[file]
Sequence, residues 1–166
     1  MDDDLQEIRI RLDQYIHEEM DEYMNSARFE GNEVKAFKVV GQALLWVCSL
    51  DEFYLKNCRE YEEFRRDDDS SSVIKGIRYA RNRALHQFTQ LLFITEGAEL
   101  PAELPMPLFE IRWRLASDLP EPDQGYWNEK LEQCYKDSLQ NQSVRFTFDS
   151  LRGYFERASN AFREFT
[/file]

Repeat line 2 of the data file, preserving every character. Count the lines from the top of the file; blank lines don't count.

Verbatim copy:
     1  MDDDLQEIRI RLDQYIHEEM DEYMNSARFE GNEVKAFKVV GQALLWVCSL